Last week, Seattle’s Jesse Sykes and the Sweethereafter celebrated the release of their latest album, Marble Son, at the Showbox at the Market to a small but adoring crowd.
Toronto-based band The Sadies, donned in sharp Western attire, started the night’s music with a set full of instantly impressive guitar-work and a song-writing genre that was consistently hard to categorize –- they jumped between head-banging twang, bluegrass finger-picking, a more surf-type rock and, my personal favorite, the classic (dare I mention the word “Spaghetti?”) Western. Seriously though, think Sergio Leone’s “Man With No Name” trilogy soundtrack sped up and on full-blown speed -– this stuff was really fun to watch.
Judging from the several crowd members I conversed with, most people had not heard Jesse Sykes and The Sweet Hereafter’s Marble Son, out just out last week. The album features a heavier sound and more forthright guitar-work by left-handed lead guitarist and co-writer Phil Wandscher, which translated wonderfully into the live setting. Although the Showbox was much less than capacity, Jesse and co. were certainly warmly received by those in attendance.
Jesse Sykes herself is a mysterious and wondrous character, always looking around and often up at the ceiling as if half-scared/half-in awe of her current predicament. She comes off as a creature of the past, a total hippie of the Janis Joplin-era. She even rambled like Janis used to, commenting on the importance of lighting (“Can you turn these lights down, man?”), how love should be more important to the 24-35 year-old demographic, and her paranoia of walking in a busy city like Seattle. Curiously enough, I agreed with a lot of what she said.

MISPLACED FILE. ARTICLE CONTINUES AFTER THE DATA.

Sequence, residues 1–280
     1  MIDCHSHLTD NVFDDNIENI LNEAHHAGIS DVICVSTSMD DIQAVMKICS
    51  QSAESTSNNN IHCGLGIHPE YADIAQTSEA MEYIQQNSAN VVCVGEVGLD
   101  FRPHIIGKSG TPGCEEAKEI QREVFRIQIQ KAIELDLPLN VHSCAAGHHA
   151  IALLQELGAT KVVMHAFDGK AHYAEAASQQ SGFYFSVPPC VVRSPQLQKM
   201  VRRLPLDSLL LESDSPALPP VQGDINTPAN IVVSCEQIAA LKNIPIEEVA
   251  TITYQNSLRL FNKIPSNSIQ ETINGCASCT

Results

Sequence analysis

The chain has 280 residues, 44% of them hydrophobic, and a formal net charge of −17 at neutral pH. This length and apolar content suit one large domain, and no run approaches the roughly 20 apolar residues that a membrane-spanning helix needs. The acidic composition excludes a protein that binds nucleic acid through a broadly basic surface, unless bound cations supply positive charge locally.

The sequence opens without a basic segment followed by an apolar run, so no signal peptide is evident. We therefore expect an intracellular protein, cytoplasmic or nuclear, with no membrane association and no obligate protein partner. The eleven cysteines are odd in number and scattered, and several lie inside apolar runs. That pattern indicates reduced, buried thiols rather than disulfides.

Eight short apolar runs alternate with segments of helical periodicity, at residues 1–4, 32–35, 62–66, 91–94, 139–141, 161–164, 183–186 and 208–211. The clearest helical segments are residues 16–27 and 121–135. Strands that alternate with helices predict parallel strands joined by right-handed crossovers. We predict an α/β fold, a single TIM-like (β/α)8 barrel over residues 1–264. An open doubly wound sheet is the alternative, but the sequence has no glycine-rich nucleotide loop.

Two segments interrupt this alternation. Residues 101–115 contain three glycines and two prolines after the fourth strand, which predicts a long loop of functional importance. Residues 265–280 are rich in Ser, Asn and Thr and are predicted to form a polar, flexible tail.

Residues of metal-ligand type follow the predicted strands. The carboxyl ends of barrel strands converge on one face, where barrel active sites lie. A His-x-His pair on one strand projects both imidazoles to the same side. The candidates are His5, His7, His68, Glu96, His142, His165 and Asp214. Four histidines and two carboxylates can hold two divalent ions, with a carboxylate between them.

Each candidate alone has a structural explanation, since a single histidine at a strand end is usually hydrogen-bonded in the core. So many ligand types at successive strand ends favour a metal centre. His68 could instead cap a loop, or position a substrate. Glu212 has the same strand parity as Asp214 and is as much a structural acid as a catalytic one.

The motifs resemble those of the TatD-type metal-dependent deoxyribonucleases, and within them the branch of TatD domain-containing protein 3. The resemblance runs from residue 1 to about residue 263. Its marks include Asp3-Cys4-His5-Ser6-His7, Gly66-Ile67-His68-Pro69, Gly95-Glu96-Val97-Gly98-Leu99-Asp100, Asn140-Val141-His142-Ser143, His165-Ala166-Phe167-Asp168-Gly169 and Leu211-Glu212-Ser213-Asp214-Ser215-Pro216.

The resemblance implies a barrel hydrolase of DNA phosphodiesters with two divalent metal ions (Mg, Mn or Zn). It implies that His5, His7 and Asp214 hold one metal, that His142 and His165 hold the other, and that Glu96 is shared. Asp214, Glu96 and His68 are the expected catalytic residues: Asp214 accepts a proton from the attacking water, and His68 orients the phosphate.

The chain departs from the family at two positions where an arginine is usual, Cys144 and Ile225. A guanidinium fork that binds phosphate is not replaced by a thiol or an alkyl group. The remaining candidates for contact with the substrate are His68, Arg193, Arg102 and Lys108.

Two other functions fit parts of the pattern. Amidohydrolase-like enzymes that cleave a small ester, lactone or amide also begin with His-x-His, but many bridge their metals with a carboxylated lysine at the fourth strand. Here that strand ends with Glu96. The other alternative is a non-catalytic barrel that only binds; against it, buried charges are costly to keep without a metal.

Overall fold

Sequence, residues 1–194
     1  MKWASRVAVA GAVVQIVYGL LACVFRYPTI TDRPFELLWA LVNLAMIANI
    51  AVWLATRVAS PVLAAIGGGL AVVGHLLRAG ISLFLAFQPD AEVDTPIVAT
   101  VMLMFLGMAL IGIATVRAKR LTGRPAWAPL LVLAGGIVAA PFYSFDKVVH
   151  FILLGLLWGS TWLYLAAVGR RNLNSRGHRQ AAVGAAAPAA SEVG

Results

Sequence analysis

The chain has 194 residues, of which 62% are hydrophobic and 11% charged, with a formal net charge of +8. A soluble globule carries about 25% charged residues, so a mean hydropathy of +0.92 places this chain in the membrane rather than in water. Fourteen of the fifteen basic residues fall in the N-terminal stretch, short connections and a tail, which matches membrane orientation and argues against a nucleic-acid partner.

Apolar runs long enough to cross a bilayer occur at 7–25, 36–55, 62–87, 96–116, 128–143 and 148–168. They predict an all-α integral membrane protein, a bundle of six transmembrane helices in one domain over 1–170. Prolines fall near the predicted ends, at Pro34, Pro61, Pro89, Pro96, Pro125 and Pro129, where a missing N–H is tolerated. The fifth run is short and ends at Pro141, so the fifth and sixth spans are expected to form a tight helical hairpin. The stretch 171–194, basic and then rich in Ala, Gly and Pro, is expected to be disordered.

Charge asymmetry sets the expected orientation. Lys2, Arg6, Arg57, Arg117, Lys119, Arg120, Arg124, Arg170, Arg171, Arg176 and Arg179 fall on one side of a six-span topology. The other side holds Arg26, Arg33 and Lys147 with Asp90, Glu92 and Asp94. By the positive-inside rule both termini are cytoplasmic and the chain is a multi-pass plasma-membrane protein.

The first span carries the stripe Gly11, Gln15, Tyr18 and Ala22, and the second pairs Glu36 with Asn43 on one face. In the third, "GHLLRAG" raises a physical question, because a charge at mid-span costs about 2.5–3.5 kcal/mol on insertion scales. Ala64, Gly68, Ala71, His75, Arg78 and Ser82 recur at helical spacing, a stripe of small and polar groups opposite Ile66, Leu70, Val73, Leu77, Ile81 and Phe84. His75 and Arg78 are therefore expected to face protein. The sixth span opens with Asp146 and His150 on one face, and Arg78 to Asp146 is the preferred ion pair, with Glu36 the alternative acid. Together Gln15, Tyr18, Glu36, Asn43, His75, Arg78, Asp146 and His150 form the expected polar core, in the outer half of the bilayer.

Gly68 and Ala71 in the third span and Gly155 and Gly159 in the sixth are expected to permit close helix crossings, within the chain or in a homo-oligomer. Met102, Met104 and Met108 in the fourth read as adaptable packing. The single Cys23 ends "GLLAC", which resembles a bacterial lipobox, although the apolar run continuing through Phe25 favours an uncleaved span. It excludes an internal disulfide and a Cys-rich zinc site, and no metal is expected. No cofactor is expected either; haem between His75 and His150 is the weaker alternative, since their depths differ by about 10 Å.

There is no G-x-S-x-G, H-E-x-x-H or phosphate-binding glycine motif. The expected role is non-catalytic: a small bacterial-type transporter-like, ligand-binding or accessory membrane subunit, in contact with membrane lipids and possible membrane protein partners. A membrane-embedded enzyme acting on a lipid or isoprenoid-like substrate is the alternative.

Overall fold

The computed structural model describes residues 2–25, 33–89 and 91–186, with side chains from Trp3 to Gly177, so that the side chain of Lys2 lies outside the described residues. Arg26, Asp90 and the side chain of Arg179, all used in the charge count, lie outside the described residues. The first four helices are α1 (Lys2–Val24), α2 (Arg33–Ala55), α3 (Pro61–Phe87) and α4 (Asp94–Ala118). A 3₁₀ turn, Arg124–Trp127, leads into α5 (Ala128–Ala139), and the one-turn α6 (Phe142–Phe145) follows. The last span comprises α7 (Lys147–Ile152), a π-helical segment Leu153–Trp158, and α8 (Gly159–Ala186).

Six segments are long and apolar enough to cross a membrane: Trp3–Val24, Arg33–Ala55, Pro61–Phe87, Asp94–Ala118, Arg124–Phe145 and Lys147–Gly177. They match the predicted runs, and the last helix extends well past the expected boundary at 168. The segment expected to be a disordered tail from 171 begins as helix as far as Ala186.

The whole set featured double-percussion which provided a nice messy backdrop to Wandscher’s soaring guitar solos. In previous albums, Sykes’ sweltering and smoky vocals led most songs, and an absence of sorts was felt without these in the forefront. In contrast, this new album fills these absences with Wandscher’s guitar-work and, man, is it a breath of fresh air to hear songs like “Pleasuring the Divine,” which they played second in the set, a track full of forceful, anxious percussion, an edge-of-your-seat lead guitar line, and a bass-line that makes you sing along with it.
The set included several other highlights, including the acoustic slow-burner “Be It Me , Or Be It None,” a song she played after her rant on the importance of love. The lyrics, sung in a creepy, haunting tranquility cite “Why we ask ourselves/if the feeling’s real/be it me, or be it none for now/be it you, or be it me some how.” On the whole, this album deserves several listens, and her and her band’s live energy is not to be missed.
In fact, you have another opportunity to catch her live on August 21 at Easy Street Queen Anne for a FREE in-store performance!